Expert reveals credit score secretsPosted: Updated:
PHOENIX -- Whether it's a house, a car or even opening up a bank account. Millions of Americans are held hostage by a number they feel like they can't control.
"My credit score is low," Lydia said. "It is bad for most people. I can't get any loans."
"I have been turned down for important things, car loans, apartments," Amanda said.
"I have been turned down for some credit cards," Patty said.
Meet Patty, Lydia and Amanda: three valley women with three very different stories. Yet all of them are in credit crisis.
"I always tell people go 780 or higher," says Al Bingham, the man behind this book called "The Road to 850.
"It's full of secrets to help you reach the perfect credit score. It even gives you information credit agencies don't want you to know.
"My name is Patty Garcia and my credit score is 700."
While Patty's 700 may not sound bad, she still struggles.
"I have tried, actually, I have tried buying a car on my own," Patty said. "And I always get denied."
Thinking it would build her score, Patty opened more accounts. But it turns out, she opened too many too fast.
Bingham's first tip is to close your most recent accounts. Contrary to popular wisdom, closing them will not ding your score.
"Well, if you go back and close those, you can go back and retrace and build back your credit score by closing them," he explains.
Preferred cards to keep open are cards from banks and department stores because they show stability.
Holding onto those high value cards leads us to tip number two: know your lender and your borrower.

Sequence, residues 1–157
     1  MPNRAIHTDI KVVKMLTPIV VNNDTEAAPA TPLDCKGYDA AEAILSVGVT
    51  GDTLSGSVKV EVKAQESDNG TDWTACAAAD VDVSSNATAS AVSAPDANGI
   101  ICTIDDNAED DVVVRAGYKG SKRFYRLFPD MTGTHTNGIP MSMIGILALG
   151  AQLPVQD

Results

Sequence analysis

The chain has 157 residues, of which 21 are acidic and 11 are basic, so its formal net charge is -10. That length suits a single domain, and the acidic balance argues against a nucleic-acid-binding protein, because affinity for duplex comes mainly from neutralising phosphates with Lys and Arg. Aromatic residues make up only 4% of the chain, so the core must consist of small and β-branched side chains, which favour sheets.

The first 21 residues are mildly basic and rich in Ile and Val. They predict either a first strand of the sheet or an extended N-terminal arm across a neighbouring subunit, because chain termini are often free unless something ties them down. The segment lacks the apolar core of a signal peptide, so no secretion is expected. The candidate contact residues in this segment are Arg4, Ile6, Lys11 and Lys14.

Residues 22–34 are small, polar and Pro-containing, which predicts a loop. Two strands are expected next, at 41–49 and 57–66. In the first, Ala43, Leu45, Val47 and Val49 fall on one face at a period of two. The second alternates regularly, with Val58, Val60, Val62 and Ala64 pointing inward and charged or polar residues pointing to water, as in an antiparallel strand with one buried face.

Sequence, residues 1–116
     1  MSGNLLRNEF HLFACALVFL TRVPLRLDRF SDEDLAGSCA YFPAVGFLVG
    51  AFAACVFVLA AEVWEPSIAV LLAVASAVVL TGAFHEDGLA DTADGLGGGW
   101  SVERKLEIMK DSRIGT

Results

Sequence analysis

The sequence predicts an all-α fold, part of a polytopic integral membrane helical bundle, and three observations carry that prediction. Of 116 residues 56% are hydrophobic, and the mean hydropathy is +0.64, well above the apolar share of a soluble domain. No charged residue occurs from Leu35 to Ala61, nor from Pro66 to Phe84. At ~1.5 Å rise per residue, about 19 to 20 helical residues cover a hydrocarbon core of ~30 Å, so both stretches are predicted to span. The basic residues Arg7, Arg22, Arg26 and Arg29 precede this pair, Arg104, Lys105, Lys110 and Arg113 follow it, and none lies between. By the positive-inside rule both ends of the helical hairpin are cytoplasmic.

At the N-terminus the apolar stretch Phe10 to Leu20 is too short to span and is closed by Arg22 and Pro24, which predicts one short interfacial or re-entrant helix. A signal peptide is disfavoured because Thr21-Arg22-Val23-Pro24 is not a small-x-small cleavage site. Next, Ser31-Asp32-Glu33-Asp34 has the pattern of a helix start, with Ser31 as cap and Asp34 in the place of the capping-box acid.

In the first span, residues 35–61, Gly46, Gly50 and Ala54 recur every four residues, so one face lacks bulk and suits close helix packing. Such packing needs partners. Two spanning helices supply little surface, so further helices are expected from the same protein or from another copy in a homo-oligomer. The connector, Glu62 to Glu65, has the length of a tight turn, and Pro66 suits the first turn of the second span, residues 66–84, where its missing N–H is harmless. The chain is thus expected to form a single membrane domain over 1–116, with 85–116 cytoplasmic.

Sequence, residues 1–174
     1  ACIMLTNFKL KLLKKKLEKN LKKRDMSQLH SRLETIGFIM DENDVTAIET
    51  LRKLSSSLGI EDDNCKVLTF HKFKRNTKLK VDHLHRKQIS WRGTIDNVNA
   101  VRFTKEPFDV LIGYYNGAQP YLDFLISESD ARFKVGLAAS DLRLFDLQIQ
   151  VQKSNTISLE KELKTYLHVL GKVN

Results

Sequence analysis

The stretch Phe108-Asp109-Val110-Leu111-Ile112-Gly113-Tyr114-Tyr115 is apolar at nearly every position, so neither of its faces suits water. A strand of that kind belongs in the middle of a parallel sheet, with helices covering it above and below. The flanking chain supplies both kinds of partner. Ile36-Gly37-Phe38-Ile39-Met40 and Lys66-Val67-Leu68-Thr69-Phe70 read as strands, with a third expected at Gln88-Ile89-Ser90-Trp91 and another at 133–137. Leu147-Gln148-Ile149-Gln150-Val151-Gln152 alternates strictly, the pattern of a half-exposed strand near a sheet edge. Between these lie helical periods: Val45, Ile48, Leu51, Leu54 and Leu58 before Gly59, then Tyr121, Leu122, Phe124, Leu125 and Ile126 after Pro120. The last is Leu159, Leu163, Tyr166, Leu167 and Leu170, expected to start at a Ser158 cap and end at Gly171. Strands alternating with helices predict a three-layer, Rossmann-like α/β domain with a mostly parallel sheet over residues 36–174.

"The credit scoring system looks at three types of lenders," Al said. "They look at banks, actual credit card companies, and finance companies."
Finance companies are known for offers like "same as cash" and "no interest for 90 days."
They are the companies furniture, appliance stores even car dealers often use. But Bingham said don't fall for it.
"You get that account in your credit report," Al said. "You are going to damage your credit rating."
Instead, use your bank or credit union.
"Hi my name is Lydia Ortega and my credit score is 554."
For Lydia, it's past due debts that are hitting her hardest. And while there is nothing Bingham can do to magically make those disappear, there is hope.
Tip number three, Al Bingham says negotiate your debt down. "What we want to do in here is go back, start contacting these people and say what can we do to resolve this issue and you don't go in there, if it shows $300, say look, what if I give you 150 dollars."
As important as it is to get your debts paid off, It's equally important to get it removed from your report. Bingham says "If I pay it can you remove it, that is your leverage you haven't paid them.
If you don't do that, it will stay on your report for seven years. The best way to remove it according to Bingham. "I would go and show up in person because I will guarantee you I will work better if I see you in person. Face to face."\
Amanda Stevens shared that she has a credit score of 556 along with significant debts. Bingham says, "So the question I come back to is, maybe we have $15K or $16K in collections, and if we go to that how long would it take you to pay back those past due accounts? What would you say? Years.
That leads us to tip number four, know when to file bankruptcy.
If you can't pay off your debts within three years, bankruptcy is your best bet, according to Bingham, "Because if you get three to four years down the road and you can't get on top of these debts, you are never going to get on top of these debts."
Even though filing bankruptcy will hurt Amanda's score initially, Bingham says it will bounce back.
"So you take massive hit off the top, but then you are in the low 600s after six months, maybe a year.
you have to take baby steps, yes. But you have got to start somewhere exactly.
While Patty, Lydia and Amanda have a lot of work to do, Bingham says when you know the secrets, the road to 850 is a lot easier to follow.